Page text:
Frugality Creating Beauty: How Scrap Quilts Developed
Called a “charm” quilt in the late 19th century, young women collected hundreds of different fabrics from their family and friends. Perhaps if they collected 999 different squares, their true love would bring them the thousandth–and their happily-ever-after dream, too. One quilting blogger speculates that collecting these fabrics may have given girls opportunities to ask their love interest for a contribution!
The scrap quilt has also been called a “beggar” quilt, referring to quilters asking each other for contributions to their projects. Trying to put together a bedspread without repeating every fabric, they also called the quilts “odd feller” quilts–every piece was an odd feller. Some families recall their mother repeating one square, however, so that a child sick in bed might be entertained looking for the matching patches.
Still another name scrap quilts went by is the “postage stamp” quilt, so called because quilters would use their tiniest scraps, sometimes no bigger than a postage stamp. Perhaps the original motivation was not wasting the smallest piece (historians recall the scarcity of the Great Depression in this), but it also became a challenge at some point. Quilters would collect thousands of pieces to compete with each other in making stitched masterpieces.
A quilt is not only a comfortable bed cover: it is also a masterpiece of art. The artists who create our quilts pick top quality vibrant fabrics and arrange them in a distinct work of art. Select from our selection of over 2 hundred handmade quilts for a quilt that perfectly enhances your taste.
While the pieces of fabric are sewn together by machine to guarantee tighter stitching, all the quilting is done by hand. 100% cotton fabrics make up the top and bottom of the quilt. The batting sandwiched in between those 2 layers, however, is 100% polyester. This polyester batting warranties both warmth and also excellent washing results.
You will find our quilts to be remarkably large in length and width. Almost all of our quilts are generous enough to take care of the necessity for a dust ruffle or pillow shams. Just as mattress heights vary, each quilt's dimensions varies as well. We list the quilt's measurements in addition to the calculated drop for you to compare to the measurements you may need. Please do your homework before making a purchase!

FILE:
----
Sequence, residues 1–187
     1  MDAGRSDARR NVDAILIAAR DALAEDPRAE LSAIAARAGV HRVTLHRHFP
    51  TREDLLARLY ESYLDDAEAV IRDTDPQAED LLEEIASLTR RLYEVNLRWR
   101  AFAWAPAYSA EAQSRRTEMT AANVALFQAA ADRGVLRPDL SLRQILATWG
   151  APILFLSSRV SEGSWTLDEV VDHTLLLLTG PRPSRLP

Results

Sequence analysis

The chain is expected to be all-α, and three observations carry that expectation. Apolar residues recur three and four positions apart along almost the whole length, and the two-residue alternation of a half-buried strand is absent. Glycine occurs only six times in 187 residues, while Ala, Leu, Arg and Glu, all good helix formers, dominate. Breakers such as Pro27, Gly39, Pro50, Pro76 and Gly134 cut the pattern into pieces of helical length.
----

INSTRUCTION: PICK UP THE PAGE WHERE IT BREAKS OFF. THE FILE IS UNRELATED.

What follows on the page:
Fortunately, these quilts are undoubtedly washable in a washing machine! We suggest complying with these standards for the best care of your heirloom quilt:
- Machine wash with cold water on delicate cycle.
- Use only light laundry soap, such as liquid Cheer for colors (No bleach or bleach alternatives. No Woolite or fabric softener.) For the very first washing, include 1/2 cup vinegar and also 2 tbsps of salt along with the laundry detergent. This natural home remedy prevents hemorrhage as well as helps to protect the colors in your quilt.
- Remove quilt immediately after the washer stops to minimize wrinkles and also color-bleeding.
- Never put a quilt into the clothes dryer! Line dry on a breezy day.
- Quilts can be dry-cleaned at your own risk, but we most definitely recommend washing.
Did you know?
For hundreds of years, various methodologies have been produced to make it less complicated for quilt-makers to piece multi-angled quilts together. One of these solutions is named paper piecing, which is usually adopted to piece the challenging angles of the Mariner's Compass quilt
. Paper piecing, as it name illustrates, uses a distinct paper pattern onto which the material cuts are sewn. The pattern helps the seamstress to accurately assemble the pieces together so that the finalized top will lie out flat. Techniques of this sort as this are a great aid to our quilters!